Our state Rep, Dave Paul expressed concern on the state of our ferry situation (SWR 11/27), prompted by that 50% reduction in boat capacity, for multiple crossings, over the last four weeks or so. Dave says we need a more resilient ferry system because our livelihoods, our economy and our community depend on those boats. There’s truth here but recall WSF had a truly amazing on-time performance record prior to this hiccup.
What they do lack however is a vision for the future.
For me, those weeks of reduced capacity were a disappointing glimpse of what ferry-dependent life will look like a few decades down the road. WSF’s long-range plan predicts a 30% increase in ridership in the next 20 years. How does WSF plan to address this challenge? As a 10-year member of the Clinton Ferry Advisory Board and a 30-year boat rider, I see no answer.
We can’t just add another boat on our ferry route. That strategic WSF plan mentions reducing car traffic on the boats and increasing walk-on passengers, but I’ve yet to see any real strategy to accomplish that hollow goal. There is talk of adopting a door-to-door philosophy and move more people and less cars across the water as opposed to the shore-to-shore car transport that’s been WSF’s creed since the ’50s, but still, it’s only talk.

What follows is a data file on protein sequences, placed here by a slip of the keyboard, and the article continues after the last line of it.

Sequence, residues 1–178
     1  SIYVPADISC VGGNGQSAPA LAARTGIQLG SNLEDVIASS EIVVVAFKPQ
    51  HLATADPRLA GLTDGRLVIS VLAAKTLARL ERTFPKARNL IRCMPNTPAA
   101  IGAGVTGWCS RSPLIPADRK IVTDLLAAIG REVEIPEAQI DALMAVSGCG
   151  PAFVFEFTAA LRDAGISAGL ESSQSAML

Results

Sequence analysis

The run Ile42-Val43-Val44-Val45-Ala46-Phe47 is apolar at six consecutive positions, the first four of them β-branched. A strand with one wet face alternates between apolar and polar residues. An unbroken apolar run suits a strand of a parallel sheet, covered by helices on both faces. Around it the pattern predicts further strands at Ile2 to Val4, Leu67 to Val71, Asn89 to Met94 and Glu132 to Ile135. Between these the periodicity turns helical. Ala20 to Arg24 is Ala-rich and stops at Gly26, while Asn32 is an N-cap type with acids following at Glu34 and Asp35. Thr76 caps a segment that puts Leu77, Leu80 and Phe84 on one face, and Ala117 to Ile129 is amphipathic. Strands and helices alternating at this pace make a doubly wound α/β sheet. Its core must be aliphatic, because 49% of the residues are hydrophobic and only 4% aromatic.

I’d like to see some parking for cars at the docks so people don’t have to bring their 20-foot, two-ton car with them on a crowded boat. I’m talking about lowering the passenger rates to incentivize walk-ons. Since WSF is selling space on the boats, why not base car fees on the length each car occupies (in two-foot increments perhaps) as opposed to that ridiculous one fee for all vehicles from 14 feet to 22 feet? In a few years we’ll have driverless cars on the roads, but WSF dubiously proclaims it’s too hard to measure the length of a car that shows up at the toll booth and charge accordingly? Go figure.
WSF implies they’ll just have to use the boats as moveable bridges moving cars from shore to shore until public transit options are expanded. With some vision, they could be an effective stimulant to improve public transit by creating a demand for transit at the ferry docks. They are a part of DOT after all.
Thanks to Dave Paul for emphasizing ferry reform now. Here’s hoping WSF does something for ferry-served communities 15 years down the road as well.